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Edie Falco's 'Soprano' Encore

After a nearly 15-month hiatus, the television mob hit "The Sopranos" is coming back.

This season picks up after Edie Falco's character, Carmela Soprano, does something that is almost unheard of in her social circle: she asks her mob boss husband, Tony, for a divorce.

Carmela is the first lady of the New Jersey mob and enjoys all the perks. But she has found it increasingly difficult to reconcile the brutal nature of Tony's profession with her religious faith. Carmela is beginning to believe that her life may be better without Tony in it.

Falco tells The Early Show co-anchor Harry Smith, "I'm not sure I totally understand intellectually the way a lot of this works, but I think it ebbs and flows. I'm imagining through the course of time. Sometimes it's more bearable than others or she's able to stay more deeply in denial at some times than she is at other times. I think it just overflowed."

And yet Falco says for some reason "Sopranos" fans see her as some sort of role model. She says, "I have to admit, when I first started hearing feedback from people that said she was a role model, I was truly surprised. I guess I didn't originally think of her in that way or as woman to set an example for everyone. Of course, I'm also not completely objective about it. Apparently that's what she's turned into, like she's living an exemplary life, which scares the hell out of me on one level, but also a huge compliment at the same time."

Not bad considering she has a great time on the show, she says, "I love every second of it." And she's content with the fact the critically acclaimed Emmy- and Peabody-winning HBO series has just one more season.

"It's sort of perfect to know we have another year," she says. "I think a lot of shows, television shows, have no idea. Every episode could be their last. On some level, they're always waiting for the axe to fall. I think we're really lucky to know how much time we have to prepare for the very big chapter. I think, in all of our lives. I know by the time we finish up, I will be ready to finish up."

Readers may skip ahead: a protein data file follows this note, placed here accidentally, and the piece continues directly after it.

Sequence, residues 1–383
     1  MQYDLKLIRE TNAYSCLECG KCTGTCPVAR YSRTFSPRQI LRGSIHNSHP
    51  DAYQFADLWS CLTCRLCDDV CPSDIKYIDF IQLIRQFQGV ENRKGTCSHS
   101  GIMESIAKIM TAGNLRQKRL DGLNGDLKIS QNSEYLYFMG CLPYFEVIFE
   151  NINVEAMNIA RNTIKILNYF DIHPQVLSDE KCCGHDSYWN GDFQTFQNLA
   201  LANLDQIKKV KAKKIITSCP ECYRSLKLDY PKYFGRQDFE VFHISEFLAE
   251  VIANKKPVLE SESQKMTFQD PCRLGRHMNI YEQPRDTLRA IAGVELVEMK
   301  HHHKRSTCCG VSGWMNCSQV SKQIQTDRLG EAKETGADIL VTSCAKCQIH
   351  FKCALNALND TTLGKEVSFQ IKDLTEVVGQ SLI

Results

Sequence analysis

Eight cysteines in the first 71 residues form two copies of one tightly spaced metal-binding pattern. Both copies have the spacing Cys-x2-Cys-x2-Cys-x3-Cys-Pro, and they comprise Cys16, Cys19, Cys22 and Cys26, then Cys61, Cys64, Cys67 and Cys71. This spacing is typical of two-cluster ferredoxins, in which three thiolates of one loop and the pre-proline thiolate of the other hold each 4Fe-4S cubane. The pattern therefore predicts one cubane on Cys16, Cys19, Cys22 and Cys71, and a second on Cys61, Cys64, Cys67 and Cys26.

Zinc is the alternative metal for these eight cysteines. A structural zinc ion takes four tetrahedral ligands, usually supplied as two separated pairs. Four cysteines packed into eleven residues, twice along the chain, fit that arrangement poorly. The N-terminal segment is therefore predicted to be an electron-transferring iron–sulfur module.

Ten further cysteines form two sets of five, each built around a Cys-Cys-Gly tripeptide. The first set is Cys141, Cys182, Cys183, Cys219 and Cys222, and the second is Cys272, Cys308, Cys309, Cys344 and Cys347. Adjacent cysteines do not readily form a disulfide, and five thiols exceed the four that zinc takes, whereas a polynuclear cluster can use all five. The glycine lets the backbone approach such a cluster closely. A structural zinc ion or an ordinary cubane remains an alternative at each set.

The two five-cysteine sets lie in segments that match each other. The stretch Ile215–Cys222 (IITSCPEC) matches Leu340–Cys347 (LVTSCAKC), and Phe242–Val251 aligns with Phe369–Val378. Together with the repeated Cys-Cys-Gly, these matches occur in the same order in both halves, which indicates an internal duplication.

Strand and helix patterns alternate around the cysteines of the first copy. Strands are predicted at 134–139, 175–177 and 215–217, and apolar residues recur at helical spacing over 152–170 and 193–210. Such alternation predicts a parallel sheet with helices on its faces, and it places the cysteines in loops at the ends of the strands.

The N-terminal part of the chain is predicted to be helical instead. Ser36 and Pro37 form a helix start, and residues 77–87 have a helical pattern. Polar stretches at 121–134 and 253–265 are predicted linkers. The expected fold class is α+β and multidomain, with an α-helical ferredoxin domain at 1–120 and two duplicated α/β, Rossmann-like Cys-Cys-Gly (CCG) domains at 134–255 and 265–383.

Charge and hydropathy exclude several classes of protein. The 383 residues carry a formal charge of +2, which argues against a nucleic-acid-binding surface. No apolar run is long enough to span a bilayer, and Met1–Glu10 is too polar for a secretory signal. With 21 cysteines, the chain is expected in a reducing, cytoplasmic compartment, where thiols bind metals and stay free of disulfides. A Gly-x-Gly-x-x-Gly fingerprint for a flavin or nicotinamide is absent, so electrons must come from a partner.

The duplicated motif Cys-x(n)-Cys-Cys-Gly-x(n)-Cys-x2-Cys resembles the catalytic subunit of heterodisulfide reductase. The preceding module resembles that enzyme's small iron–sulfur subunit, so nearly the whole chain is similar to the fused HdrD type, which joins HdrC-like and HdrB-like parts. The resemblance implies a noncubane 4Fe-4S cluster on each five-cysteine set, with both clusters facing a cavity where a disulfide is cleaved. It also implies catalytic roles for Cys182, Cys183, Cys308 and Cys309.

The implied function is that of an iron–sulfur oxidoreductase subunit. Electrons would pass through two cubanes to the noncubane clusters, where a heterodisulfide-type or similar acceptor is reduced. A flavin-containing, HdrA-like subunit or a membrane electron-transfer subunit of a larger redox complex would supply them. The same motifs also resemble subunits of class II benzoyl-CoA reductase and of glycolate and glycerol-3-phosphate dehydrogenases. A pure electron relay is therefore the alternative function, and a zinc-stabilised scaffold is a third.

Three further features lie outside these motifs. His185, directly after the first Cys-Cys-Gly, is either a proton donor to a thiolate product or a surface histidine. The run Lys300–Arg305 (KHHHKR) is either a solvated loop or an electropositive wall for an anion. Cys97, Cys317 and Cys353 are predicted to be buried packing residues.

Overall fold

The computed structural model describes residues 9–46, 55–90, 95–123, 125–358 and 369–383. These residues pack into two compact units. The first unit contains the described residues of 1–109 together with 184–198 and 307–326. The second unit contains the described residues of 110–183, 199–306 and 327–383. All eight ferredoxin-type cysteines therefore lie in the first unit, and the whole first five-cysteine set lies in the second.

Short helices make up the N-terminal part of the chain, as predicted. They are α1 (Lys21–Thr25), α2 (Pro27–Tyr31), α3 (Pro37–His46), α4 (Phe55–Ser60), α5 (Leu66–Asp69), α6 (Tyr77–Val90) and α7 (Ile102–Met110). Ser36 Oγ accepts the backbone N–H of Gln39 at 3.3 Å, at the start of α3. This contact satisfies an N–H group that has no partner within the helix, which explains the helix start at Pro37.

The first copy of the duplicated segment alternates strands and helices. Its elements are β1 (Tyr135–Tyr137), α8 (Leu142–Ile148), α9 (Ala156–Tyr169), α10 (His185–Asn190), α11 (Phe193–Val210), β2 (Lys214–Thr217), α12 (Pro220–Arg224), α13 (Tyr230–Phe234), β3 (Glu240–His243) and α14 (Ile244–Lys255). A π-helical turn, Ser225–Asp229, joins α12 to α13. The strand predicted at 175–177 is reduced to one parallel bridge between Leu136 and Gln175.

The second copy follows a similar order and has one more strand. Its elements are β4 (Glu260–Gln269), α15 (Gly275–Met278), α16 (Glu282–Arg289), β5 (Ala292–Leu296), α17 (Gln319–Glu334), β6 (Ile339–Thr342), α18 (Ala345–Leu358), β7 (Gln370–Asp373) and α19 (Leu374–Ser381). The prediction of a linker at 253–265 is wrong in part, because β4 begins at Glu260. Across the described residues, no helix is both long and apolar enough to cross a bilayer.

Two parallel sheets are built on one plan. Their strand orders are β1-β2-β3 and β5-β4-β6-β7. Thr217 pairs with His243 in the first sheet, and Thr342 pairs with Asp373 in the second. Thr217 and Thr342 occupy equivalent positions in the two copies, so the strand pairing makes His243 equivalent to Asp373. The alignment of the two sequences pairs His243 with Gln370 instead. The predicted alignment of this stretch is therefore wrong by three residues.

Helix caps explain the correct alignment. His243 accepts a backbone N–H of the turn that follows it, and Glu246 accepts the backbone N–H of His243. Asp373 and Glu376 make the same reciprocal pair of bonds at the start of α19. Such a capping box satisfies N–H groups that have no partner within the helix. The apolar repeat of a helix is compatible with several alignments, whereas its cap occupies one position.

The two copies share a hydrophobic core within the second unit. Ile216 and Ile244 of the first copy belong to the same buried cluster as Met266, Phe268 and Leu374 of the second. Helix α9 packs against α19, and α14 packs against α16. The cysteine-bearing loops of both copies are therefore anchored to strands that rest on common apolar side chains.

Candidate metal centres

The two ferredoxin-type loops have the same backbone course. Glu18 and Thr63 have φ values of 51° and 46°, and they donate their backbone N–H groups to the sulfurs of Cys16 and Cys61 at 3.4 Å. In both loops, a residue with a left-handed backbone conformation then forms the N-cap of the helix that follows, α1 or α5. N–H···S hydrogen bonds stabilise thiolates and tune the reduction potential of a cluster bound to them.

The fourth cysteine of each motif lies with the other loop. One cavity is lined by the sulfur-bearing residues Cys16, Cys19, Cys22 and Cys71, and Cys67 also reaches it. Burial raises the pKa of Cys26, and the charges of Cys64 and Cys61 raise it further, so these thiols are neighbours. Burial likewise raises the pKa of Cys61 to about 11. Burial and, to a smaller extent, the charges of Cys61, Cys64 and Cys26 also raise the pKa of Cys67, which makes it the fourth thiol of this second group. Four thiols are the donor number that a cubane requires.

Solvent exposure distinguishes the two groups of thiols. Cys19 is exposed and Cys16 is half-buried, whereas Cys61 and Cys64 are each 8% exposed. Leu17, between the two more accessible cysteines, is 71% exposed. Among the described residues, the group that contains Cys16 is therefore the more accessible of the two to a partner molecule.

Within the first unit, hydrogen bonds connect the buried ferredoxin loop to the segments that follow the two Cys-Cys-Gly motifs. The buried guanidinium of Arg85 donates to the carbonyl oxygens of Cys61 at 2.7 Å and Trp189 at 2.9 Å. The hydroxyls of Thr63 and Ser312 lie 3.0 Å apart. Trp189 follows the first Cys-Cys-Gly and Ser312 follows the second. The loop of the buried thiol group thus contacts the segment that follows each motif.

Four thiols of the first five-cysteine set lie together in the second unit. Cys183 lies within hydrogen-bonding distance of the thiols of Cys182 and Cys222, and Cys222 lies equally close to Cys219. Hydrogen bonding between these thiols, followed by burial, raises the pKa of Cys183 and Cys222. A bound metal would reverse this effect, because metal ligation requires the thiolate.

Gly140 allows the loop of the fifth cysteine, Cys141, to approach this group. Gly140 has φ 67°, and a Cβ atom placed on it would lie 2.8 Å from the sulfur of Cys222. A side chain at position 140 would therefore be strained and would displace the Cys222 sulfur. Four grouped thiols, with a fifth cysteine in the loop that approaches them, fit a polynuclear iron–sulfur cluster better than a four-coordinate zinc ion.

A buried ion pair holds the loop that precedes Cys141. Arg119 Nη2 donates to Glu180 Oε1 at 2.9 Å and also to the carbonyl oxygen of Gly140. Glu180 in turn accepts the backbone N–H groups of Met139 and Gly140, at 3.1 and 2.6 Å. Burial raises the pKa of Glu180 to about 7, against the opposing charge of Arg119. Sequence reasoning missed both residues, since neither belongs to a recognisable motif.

To get a role like this, in which she has won every award there is to win, Falco says, "It's been huge. None of us knew actually going into it if the show would run, if it would be popular, if people would watch it. We certainly could never have guessed it would be what it has turned into. I also can't get too deeply into the world's perception of the show because it would be too hard to show up for work every day. I had no idea. And I had no idea how my life would change just having people recognize me, which is a mixed bag, you know - a lot of good things, a lot of scary things about it. But it involves a lot of transitional stuff that I'm still going through, still learning how to be this person."

Some Facts About Edie Falco

  • The daughter of jazz drummer Frank Falco and actress Judith Loney, Edith Falco was born in Brooklyn, N.Y., in 1963.
  • Falco graduated from the acting program at State University of New York at Purchase. After graduating, she worked as a clown and other similar roles at weddings and birthday parties.
  • In 1989, Falco made her film debut in Hal Hartley's "The Unbelievable Truth."
  • In 1991, Falco re-teamed with Hartley to film "Trust."
  • In 1992, Falco co-starred in Nick Gomez's Brooklyn-set drama "Laws of Gravity."
  • From 1993 to 1996, the actress had a recurring role as the wife of a blinded police officer on NBC's "Homicide: Life on the Street."
  • In 1995, Falco was featured in a two-part guest starring role as a police sergeant on "New York Undercover."
  • In 1995, Falco starred alongside Lili Taylor and Christopher Walken in Abel Ferrara's "The Addiction."
  • In 1996, Falco made a brief appearance in Ferrara's "The Funeral."
  • In 1996, Falco starred in the crime-themed comedy "Layin' Low."
  • In 1996, Falco originated the role of the alcoholic mother in Warren Leight's semi-autobiographical play "Side Man" in workshop productions.
  • In 1997, Falco played Sheriff Marge Gunderson in a failed pilot based on the 1996 hit film "Fargo."
  • In 1997, Falco was featured in the films "Cop Land," "Hurricane Streets" and "Trouble on the Corner"; she had featured role as prison guard Diane Wittlesey in the HBO drama "Oz."
  • In 1998, Falco won the Los Angeles AFI Film Festival Best Actress award for her performance in "Cost of Living."
  • In 1999, Falco was cast as Mafia wife Carmela Soprano in the acclaimed HBO series "The Sopranos"; garnered Emmy Awards in 1999 and 2001.
  • In 1999, Falco played title role in the independent feature "Judy Berlin" and she had a supporting role in the Harrison Ford drama "Random Hearts"; Falco also made her Broadway debut replacing Wendy Makkena as Terry in "Side Man."
  • In 2000, Falco reprised stage role in "Side Man" in the London production, co-starring Jason Priestley.
  • In 2001, Falco acted in "The Vagina Monologues" in London.
  • In 2002, Falco was featured in the John Sayles drama "Sunshine State."
  • In 2002, Falco returned to the New York City stage opposite Stanley Tucci in "Frankie and Johnny in the Clair de Lune."
  • In 2004, Falco guest-starred on an episode of "Will & Grace," as a lesbian real-estate speculator.
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